Table5_A Novel Immune-Gene Pair Signature Revealing the Tumor Microenvironment Features and Immunotherapy Prognosis of Muscle-Invasive Bladder Cancer.DOCX (104.22 kB)
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Table5_A Novel Immune-Gene Pair Signature Revealing the Tumor Microenvironment Features and Immunotherapy Prognosis of Muscle-Invasive Bladder Cancer.DOCX

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posted on 26.11.2021, 05:43 by Xiaonan Zheng, Xianghong Zhou, Hang Xu, Di Jin, Lu Yang, Bairong Shen, Shi Qiu, Jianzhong Ai, Qiang Wei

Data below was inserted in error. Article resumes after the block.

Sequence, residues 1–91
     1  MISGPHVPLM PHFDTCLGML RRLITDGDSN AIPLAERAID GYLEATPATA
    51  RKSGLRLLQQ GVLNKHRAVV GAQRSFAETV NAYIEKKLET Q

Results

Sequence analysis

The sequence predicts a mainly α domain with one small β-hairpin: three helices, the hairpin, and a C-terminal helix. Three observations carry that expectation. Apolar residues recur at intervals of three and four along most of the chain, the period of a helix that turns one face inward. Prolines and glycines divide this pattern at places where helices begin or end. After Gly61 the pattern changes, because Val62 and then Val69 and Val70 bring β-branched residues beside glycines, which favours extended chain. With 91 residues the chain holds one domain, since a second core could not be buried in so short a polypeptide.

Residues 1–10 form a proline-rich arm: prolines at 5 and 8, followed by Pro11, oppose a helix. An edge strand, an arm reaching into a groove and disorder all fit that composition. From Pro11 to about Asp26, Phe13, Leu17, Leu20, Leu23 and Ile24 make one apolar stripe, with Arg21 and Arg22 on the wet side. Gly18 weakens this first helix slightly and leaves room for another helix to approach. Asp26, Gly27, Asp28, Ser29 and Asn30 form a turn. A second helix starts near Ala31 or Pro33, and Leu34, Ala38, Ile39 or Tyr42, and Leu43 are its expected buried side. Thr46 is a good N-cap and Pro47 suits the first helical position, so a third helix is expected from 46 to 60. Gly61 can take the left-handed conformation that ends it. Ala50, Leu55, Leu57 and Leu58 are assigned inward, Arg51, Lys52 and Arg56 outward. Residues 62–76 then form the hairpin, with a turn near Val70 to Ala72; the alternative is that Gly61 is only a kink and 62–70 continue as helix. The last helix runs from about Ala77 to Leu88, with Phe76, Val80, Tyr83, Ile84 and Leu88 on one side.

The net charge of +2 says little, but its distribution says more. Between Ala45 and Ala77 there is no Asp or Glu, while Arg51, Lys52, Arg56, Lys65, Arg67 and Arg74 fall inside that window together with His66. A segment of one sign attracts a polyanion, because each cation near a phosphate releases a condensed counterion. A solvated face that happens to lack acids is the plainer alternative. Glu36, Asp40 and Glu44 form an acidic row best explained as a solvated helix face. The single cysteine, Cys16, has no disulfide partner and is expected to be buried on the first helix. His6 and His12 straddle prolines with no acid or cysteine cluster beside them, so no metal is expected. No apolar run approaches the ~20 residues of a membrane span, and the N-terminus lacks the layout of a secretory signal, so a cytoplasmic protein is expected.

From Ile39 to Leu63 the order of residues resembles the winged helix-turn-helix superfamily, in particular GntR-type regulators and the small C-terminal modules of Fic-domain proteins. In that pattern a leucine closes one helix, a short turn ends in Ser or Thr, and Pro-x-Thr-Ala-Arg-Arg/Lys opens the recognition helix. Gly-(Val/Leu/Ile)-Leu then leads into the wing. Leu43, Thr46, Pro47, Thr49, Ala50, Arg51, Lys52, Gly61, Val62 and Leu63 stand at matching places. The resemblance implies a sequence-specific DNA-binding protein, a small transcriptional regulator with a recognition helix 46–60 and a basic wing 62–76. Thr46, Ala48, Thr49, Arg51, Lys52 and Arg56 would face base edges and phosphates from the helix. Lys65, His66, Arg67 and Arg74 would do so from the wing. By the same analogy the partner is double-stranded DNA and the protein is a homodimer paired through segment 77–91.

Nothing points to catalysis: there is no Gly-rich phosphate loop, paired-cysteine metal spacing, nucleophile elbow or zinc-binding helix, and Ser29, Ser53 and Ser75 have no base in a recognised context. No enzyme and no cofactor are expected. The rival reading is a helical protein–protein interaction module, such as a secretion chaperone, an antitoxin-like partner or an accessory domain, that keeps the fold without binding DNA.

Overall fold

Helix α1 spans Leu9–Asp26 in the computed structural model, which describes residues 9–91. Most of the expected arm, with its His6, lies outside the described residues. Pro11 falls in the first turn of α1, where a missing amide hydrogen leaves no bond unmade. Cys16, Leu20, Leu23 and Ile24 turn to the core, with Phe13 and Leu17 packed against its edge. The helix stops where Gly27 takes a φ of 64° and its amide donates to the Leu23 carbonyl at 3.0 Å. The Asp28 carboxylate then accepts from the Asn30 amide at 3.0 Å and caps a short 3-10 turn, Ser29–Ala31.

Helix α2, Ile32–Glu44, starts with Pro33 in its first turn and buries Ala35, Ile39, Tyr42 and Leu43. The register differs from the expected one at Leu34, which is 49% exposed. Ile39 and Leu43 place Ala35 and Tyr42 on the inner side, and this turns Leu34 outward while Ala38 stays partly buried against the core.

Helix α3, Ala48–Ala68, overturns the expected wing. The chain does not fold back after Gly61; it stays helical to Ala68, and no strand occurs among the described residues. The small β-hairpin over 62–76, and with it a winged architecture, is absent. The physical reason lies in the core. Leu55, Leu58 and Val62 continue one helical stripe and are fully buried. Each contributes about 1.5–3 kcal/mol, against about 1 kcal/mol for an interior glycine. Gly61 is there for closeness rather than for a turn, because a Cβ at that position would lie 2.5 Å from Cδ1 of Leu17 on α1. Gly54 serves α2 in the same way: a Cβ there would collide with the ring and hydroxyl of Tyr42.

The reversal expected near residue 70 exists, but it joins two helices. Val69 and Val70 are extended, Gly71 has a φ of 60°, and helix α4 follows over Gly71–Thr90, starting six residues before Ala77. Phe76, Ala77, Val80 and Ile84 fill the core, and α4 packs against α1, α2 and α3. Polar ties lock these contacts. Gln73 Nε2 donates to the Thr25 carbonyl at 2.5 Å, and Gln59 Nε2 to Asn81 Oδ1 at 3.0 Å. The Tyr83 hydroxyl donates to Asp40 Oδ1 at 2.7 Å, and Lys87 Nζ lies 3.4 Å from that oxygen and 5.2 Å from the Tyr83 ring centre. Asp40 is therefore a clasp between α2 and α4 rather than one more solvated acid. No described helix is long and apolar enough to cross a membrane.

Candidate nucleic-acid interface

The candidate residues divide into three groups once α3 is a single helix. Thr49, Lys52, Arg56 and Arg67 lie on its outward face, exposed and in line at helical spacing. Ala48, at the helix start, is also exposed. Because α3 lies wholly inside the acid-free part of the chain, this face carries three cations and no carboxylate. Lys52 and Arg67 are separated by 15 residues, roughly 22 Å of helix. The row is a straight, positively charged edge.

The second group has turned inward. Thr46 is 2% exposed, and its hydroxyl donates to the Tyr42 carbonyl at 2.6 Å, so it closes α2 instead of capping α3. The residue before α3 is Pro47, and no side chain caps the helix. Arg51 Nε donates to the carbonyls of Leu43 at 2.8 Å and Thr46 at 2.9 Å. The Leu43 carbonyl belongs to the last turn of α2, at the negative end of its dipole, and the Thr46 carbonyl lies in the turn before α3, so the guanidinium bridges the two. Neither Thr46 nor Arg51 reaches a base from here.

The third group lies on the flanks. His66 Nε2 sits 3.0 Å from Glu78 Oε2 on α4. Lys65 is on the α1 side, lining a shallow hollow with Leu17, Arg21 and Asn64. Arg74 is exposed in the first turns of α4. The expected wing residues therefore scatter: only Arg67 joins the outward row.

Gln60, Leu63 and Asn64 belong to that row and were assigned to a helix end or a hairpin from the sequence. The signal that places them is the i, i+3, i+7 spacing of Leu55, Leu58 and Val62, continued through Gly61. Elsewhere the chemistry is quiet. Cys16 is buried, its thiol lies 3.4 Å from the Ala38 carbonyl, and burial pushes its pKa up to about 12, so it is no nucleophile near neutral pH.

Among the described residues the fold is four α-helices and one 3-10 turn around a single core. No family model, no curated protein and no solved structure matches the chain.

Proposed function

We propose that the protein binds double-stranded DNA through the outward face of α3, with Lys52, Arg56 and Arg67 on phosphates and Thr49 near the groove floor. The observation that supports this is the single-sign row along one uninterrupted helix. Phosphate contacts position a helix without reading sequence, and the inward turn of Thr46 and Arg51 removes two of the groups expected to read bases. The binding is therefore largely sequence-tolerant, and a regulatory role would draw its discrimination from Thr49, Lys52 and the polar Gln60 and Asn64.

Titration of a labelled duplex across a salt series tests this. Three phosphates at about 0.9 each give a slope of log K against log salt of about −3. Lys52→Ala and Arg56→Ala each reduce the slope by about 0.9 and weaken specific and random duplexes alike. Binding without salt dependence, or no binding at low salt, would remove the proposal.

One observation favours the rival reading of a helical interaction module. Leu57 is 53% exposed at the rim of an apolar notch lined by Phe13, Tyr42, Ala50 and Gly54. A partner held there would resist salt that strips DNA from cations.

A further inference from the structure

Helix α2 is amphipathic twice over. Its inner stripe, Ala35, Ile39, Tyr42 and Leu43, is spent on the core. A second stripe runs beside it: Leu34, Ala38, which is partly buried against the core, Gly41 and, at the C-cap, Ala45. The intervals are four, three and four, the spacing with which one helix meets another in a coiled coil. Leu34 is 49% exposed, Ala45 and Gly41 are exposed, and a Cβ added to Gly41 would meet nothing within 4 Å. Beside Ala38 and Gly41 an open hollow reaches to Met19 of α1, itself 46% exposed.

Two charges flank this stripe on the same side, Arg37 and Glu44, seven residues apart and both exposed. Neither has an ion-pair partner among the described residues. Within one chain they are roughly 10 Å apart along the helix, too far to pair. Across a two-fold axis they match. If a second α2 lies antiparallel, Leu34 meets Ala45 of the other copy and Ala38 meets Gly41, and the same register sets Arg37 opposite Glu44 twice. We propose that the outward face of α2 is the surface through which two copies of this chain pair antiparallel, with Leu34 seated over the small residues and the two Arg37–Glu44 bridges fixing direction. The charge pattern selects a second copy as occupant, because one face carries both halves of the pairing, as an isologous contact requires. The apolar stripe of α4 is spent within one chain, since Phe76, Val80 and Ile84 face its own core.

Immunotherapy has been a milestone for muscle-invasive bladder cancer (MIBC), but only a small portion of patients can benefit from it. Therefore, it is crucial to develop a robust individualized immune-related signature of MIBC to identify patients potentially benefiting from immunotherapy. The current study identified patients from the Cancer Genome Atlas (TCGA) and immune genes from the ImmPort database, and used improved data analytical methods to build up a 45 immune-related gene pair signature, which could classify patients into high-risk and low-risk groups. The signature was then independently validated by a Gene Expression Omnibus (GEO) dataset and IMvigor210 data. The subsequent analysis confirmed the worse survival outcomes of the high-risk group in both training (p < 0.001) and validation cohorts (p = 0.018). A signature-based risk score was proven to be an independent risk factor of overall survival (p < 0.001) and could predict superior clinical net benefit compared to other clinical factors. The CIBERSORT algorithm revealed the low-risk group had increased CD8+ T cells plus memory-activated CD4+ T-cell infiltration. The low-risk group also had higher expression of PDCD1 (PD-1), CD40, and CD27, and lower expression of CD276 (B7-H3) and PDCD1LG2 (PD-L2). Importantly, IMvigor210 data indicated that the low-risk group had higher percentage of “inflamed” phenotype plus less “desert” phenotype, and the survival outcomes were significantly better for low-risk patients after immunotherapy (p = 0.014). In conclusion, we proposed a novel and promising prognostic immune-related gene pair (IRGP) signature of MIBC, which could provide us a panoramic view of the tumor immune microenvironment of MIBC and independently identify MIBC patients who might benefit from immunotherapy.

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